Note: It's possible to use k outside of an application folder. K accepts arguments specifying which folder/project to run, but the normal use-case is generally to stand in a project folder and do k run. K can also generate batch/sh files so that you can get away with running mycommand instead of k run.

Project.json

One of the coolest features in vNext in my opinion is the new project system. Instead of using Name.csproj you have a project.json file in the project directory, and all .cs files are by default included in the compilation. Let me repeat that for you. You no longer need to list all the files that go into your compilation! Another awesome feature is support for something called "Shared sources", which makes it super-easy to share C# source-files between projects. You can even create NuGet packages with a shared source project, so other projects (by other developers) can use your shared sources. This is similar to how some NuGet packages today work by inserting C# files into your project, with the exception that the files aren't copied into your project any more. However, the most awesome feature of all (in my opinion) is the fact that the "unit of reference" has changed from being a single assembly to NuGet packages (or project references).

To explain how this is really awesome, let's imagine a sample application which we wanted to work on desktop and mobile (windows phone, android and iPhone).

Note: As of today, project.json doesn't support most of these target frameworks. This will come in time, and should not be hard to add.

To get started we create an empty directory which will be our project-directory, named simply Test. The project-name is inferred from the directory-name, so it will simply be named Test as well. The we add the following project.json:

{
  "version": "0.1-alpha",
  "authors": ["Alxandr"],
  "description": "Test project that does nothing",
  "dependencies": {},
  "configurations": {
    "net45": {}
  }
}

If I build this project I would get a single assembly made for .NET 4.5 (short name: net45). It will find all .cs files in the directory, and compile them into a single assembly, then it will make a NuGet package, automatically. The NuGet package will get it's meta-data (version, authors and description) from the project.json file.

But as said earlier, we wanted to build to multiple targets. The best way to previously do just that was with Portable Class Libraries. However, Portable Class Libraries operates on Least Common Denominator (meaning it only exposes anything that all the target frameworks supports), whereas the new project system works more like having multiple .csproj, one for each target, and just using linked sources. The advantage to the later is that you can still use types that exists in all target frameworks, but might not be exposed through PCL because they might exist in different namespaces or similar. And if worst comes to worst, you can always use #if-defs to have conditional compilation.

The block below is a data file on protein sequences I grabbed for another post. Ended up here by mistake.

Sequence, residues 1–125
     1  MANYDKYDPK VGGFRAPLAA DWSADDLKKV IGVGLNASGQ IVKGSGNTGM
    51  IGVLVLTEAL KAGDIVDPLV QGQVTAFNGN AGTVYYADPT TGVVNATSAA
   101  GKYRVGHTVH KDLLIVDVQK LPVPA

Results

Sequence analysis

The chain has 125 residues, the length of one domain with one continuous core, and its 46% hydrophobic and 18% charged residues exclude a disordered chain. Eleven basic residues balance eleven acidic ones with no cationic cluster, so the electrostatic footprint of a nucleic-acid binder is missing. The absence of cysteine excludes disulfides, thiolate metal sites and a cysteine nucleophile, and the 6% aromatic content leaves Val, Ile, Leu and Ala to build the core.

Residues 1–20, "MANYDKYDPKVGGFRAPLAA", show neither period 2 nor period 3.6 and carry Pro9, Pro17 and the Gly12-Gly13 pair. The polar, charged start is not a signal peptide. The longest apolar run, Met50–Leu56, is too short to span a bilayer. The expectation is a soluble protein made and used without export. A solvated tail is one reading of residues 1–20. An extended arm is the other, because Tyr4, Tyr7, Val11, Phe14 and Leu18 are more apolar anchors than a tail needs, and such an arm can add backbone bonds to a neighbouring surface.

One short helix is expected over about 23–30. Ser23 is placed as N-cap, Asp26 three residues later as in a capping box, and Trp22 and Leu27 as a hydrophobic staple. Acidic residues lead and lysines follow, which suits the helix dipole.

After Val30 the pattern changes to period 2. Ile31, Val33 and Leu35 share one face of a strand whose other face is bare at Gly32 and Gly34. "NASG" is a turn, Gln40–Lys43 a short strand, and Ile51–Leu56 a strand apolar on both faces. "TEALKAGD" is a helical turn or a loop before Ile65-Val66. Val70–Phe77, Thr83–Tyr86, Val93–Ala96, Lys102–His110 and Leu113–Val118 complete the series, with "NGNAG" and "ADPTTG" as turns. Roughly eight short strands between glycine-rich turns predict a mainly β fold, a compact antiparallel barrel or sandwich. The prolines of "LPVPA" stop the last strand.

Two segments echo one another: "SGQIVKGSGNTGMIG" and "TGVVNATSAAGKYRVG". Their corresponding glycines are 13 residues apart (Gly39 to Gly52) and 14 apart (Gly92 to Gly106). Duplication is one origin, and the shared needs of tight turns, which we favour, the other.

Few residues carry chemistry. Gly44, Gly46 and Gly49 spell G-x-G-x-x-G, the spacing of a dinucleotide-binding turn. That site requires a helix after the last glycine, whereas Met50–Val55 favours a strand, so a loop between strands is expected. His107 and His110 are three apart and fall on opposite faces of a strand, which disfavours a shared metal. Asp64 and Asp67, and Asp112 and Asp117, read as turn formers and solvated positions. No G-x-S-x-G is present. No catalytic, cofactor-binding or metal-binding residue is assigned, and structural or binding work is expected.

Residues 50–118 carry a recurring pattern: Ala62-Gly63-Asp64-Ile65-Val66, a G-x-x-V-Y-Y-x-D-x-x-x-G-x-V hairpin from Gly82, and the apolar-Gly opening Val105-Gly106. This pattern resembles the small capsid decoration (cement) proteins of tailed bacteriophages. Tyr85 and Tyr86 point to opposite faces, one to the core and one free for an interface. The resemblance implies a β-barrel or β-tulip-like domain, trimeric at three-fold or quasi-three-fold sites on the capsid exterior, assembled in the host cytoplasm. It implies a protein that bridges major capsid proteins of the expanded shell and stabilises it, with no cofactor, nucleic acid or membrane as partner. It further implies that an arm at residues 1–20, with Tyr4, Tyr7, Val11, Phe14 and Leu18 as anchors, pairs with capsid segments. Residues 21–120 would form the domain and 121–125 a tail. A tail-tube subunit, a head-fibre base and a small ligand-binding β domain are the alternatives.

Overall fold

By default the new project system exposes the target framework being built as a define, meaning the following works by default:

using System;

public namespace Test  
{
    public class Program
    {
        public static void Main(string[] args)
        {
            string hello = "Hello from " +
#if NET45
            ".NET Framework v4.5";
#else
            "Some other .NET Framework";
#endif
            Console.WriteLine(hello);
        }
    }
}

This would print out Hello from .NET Framework v4.5 if I compiled it and ran it. However, if I were to add another compilation target (say net40, it would print out Hello from Some other .NET Framework.

To add new compilation targets, all we have to do is add them to our project.json file, like this:

{
  "version": "0.1-alpha",
  "authors": ["Alxandr"],
  "description": "Test project that does nothing",
  "dependencies": {},
  "configurations": {
    "net45": {},
    "WindowsPhone": {},
    "MonoAndroid": {},
    "MonoTouch": {}
  }
}

Note: As said, support for these frameworks are not yet supported, as such, their names such as MonoAndroid might prove to be wrong.